An interview with Mirrors


With only a week to go until The Ego’s Weight hit the ‘shelves’, we chat to Aussie metalcore band Mirrors about recording, lyrical content and the beautifully atmospheric spin they’ve put on their new material. There might only be two singles from their debut album out there, but it’s already clear to see this is going to be a HUGE record. 

Words: Renette van der Merwe

The Interview

You’re a week away from releasing your debut album, The Ego’s Weight, congratulations! The date got pushed, but hopefully that hasn’t caused more frustration than excitement in the Mirrors camp?

Disappointment is probably a better word. To be frustrated would be unfair because everyone’s doing their best and things are very unstable at the moment. But none of that has diminished the love for our work, or the excitement about showing it to everyone.

Your quote is that “lyrical themes centre around the fall of morality and values while seeking to take decisive action against hate”, which is pretty deep stuff. Why did you feel so strongly that this is something you wanted to tackle?

While this is Patrick’s department, I can vouch for the fact that this is less a topic he “wanted” to tackle but rather this is just the result of what he was feeling in general and what he wanted to express in those moments. There’s a lot of Stoicism in the lyrical themes which has been something he and a lot of us benefit from, day to day.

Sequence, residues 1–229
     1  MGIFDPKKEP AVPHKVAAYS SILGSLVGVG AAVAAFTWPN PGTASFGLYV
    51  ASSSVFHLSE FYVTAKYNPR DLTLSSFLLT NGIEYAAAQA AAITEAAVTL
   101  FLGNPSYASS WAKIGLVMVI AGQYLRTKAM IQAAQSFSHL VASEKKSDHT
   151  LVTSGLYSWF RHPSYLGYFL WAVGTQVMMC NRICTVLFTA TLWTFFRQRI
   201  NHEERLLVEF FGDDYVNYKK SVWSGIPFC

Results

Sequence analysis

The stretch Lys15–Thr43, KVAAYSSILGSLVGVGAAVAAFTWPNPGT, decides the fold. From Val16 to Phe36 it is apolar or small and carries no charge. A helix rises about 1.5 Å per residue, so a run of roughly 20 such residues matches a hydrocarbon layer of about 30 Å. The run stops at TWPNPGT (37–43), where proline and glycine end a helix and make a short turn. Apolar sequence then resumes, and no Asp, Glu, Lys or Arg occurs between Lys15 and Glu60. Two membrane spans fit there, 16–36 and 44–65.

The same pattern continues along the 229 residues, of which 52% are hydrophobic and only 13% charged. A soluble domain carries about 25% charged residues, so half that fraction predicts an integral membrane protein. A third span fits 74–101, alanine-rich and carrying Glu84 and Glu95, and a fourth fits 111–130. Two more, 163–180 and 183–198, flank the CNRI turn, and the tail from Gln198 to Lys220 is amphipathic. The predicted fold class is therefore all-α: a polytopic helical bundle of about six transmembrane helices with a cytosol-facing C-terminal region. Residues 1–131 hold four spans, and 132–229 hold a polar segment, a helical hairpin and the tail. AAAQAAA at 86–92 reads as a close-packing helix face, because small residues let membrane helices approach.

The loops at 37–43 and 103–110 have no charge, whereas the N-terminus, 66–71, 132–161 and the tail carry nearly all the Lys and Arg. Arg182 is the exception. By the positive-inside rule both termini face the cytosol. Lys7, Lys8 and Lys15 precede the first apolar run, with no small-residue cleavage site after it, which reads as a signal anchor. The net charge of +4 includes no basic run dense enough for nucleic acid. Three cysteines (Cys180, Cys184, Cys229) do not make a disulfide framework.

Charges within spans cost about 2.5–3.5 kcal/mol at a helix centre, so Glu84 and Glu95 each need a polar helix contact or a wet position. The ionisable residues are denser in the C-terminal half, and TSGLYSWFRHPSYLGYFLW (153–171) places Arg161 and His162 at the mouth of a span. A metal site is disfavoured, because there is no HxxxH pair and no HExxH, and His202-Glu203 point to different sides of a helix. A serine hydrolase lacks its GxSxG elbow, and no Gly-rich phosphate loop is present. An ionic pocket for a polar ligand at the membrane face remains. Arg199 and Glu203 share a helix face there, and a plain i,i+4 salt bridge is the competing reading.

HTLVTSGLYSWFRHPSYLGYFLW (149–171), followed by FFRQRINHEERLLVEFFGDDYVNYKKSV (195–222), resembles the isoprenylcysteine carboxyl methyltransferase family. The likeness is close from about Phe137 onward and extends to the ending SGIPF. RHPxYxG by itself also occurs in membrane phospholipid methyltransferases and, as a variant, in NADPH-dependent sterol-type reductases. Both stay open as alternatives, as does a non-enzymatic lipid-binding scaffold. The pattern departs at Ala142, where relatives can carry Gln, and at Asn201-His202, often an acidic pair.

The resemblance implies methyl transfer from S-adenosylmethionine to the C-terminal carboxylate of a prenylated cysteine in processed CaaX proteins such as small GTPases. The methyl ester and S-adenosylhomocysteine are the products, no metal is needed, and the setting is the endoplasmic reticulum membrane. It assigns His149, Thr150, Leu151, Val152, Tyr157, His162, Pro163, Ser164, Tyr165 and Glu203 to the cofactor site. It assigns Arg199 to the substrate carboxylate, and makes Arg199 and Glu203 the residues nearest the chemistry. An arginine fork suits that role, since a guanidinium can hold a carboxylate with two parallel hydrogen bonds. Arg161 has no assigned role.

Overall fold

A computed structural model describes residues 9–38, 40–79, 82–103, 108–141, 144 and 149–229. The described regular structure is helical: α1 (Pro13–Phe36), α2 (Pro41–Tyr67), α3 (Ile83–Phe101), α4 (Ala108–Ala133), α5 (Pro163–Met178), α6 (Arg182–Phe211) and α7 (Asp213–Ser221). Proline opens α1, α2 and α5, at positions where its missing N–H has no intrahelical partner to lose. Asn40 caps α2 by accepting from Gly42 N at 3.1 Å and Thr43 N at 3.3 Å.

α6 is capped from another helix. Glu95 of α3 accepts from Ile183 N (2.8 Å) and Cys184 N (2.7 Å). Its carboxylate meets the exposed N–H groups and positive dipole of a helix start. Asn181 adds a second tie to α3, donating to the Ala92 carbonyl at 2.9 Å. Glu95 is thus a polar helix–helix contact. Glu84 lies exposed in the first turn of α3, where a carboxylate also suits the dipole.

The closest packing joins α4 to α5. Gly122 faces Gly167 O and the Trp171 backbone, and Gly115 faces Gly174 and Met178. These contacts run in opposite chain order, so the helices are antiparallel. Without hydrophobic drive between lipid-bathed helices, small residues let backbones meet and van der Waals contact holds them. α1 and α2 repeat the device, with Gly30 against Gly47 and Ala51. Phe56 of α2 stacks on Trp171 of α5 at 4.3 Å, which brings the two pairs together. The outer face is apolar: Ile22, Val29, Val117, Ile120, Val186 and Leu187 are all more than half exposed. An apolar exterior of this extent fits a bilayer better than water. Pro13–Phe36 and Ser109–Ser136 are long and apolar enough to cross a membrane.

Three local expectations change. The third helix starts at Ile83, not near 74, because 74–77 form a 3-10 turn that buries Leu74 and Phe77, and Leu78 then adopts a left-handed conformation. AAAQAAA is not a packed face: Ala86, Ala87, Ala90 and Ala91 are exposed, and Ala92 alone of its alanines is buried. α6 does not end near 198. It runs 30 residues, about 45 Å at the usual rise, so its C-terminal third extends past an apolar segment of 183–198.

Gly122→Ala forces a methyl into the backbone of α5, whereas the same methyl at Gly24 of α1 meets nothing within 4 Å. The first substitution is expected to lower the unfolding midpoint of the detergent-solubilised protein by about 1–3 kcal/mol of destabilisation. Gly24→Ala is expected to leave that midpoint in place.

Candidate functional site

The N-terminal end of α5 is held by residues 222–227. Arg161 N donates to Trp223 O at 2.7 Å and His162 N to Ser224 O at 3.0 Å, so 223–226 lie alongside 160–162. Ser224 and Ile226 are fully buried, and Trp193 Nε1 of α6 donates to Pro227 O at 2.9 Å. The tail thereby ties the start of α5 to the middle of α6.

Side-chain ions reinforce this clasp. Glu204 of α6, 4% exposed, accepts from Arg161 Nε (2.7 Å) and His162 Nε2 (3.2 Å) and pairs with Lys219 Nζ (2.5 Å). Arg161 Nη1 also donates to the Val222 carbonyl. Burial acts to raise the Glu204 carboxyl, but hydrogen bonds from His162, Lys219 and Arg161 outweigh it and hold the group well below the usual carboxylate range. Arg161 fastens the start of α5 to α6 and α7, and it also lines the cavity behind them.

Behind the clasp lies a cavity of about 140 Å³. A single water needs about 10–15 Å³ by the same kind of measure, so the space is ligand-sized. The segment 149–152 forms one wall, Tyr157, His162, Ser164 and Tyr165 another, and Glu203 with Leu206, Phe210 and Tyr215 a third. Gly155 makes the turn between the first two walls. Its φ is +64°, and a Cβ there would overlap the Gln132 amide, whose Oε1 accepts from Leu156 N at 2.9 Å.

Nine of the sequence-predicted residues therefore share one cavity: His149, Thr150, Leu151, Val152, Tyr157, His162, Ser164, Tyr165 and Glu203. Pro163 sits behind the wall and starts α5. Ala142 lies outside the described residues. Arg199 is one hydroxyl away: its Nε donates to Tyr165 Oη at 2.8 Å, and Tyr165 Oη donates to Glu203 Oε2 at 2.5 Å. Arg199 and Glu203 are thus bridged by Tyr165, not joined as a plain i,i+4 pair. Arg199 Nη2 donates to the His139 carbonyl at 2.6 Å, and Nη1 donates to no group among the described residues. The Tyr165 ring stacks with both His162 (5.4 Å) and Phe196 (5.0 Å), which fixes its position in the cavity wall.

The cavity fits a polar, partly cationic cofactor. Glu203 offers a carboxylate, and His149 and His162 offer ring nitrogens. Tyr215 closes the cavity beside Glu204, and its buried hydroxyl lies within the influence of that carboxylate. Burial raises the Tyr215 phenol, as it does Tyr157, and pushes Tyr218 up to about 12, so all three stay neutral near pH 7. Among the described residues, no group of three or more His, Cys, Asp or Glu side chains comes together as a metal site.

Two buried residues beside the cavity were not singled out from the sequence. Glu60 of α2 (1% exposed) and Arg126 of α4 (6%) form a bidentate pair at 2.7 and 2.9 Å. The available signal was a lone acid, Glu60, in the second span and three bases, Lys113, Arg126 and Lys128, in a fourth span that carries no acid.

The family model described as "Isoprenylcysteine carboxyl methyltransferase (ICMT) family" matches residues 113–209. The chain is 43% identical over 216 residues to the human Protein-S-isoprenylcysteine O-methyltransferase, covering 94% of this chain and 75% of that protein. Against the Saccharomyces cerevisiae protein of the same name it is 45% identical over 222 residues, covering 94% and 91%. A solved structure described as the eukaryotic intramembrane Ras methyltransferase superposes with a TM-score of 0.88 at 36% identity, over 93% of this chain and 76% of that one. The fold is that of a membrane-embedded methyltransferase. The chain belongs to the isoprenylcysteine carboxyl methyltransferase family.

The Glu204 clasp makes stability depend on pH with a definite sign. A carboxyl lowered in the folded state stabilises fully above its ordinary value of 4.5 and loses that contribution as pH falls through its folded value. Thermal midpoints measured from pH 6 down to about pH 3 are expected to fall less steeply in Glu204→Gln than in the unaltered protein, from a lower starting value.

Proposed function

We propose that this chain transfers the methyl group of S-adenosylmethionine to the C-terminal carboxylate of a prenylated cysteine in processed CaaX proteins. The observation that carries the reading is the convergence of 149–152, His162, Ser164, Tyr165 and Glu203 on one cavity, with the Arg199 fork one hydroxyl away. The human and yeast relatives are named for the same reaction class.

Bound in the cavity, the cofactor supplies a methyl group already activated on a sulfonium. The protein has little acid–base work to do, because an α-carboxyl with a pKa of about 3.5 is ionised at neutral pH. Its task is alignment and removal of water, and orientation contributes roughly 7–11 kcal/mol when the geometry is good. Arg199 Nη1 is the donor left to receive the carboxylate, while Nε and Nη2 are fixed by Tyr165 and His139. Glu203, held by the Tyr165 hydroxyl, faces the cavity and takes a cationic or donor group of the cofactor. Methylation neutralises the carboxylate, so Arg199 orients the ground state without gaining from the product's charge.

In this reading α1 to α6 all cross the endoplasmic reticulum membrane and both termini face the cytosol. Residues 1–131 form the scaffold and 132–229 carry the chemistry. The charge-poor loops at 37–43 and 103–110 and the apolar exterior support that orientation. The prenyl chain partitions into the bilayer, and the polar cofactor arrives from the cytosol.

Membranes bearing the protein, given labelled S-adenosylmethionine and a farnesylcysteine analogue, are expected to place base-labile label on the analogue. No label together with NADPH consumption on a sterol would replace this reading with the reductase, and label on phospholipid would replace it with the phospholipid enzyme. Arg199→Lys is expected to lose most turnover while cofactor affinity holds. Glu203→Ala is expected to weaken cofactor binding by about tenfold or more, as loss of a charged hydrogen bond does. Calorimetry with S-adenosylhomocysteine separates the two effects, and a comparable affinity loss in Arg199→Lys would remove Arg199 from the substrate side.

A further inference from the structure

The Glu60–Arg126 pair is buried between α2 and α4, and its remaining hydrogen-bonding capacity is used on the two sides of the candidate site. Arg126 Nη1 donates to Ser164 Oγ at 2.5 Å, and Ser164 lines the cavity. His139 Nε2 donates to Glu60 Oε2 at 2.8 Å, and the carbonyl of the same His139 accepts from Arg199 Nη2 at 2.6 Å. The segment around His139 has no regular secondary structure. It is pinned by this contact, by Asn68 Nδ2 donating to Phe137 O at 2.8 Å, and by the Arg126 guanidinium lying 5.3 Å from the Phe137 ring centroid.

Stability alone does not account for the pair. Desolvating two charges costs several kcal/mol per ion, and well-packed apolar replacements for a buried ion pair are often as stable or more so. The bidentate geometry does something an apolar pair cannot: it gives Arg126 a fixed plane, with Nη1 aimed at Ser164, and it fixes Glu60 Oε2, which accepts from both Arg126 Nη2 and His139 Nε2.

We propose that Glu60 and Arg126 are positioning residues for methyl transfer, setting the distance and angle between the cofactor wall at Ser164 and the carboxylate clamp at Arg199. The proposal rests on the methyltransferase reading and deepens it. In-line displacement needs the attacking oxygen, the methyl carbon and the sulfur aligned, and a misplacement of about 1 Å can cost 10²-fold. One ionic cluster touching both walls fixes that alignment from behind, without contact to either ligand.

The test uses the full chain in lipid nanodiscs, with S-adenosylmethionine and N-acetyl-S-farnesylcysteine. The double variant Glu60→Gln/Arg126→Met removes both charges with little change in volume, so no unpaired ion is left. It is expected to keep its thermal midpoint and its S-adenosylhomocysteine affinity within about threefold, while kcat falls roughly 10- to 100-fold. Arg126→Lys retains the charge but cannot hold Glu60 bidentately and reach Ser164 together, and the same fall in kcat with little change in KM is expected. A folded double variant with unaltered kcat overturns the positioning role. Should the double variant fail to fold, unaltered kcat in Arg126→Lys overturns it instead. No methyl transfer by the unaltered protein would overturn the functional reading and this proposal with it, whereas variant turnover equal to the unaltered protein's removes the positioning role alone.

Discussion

“Atmosphere and mood is just one of those things that we’re all really big on with what we play and listen to.”

What is the number one thing you want listeners to take away from the album?

However they enjoy it I would hope they take the time to listen start to finish. This is less a collection of songs but a complete body of work and is intended to be digested as such.

You’ve changed course from your EPs, haven’t you? Was the more atmospheric approach a planned thing or did it happen more organically than that?

There isn’t much that’s planned. We have ideas here and there but usually things tend to take on a life of their own. Atmosphere and mood is just one of those things that we’re all really big on with what we play and listen to. We just try and make sure we’re not repeating ourselves.

How will you be celebrating the release?

Depends on what we’re allowed to do. If we’re actually able to all be in the same place at the same time, that will be sufficient.

Essential Albums

What’s the first album you owned?

If I remember correctly it was a Best of Electric Light Orchestra. But if you mean a proper “album” I think it might be Freak Show by Silverchair.

What’s the last album you purchased / streamed?

Fire and Water by Free.

An album that never gets old?

Shadows of the Sun by Ulver. As close to a perfect album as you can get.

Is there a record that has extreme sentimental value to you?

That one is hard to say. Probably all of the early era Smashing Pumpkins material, given it’s probably my longest running favourite band that I continue to connect with, so there’s that through-line to my youth.

What’s your guilty pleasure?

Musically I don’t have anything I would consider a guilty pleasure. Maybe chocolate coated digestives? As in, the food. I just eat too many of them and it’s a problem.

Settle the argument

Vinyl or Spotify?

They’re two entirely different forms of delivering music. One is a particular quality and overall experience and the other is centred around quantity and convenience. That being said there’s a lot about the vinyl listening experience and the required immersion that is terribly underrated.

Show Mirrors some love




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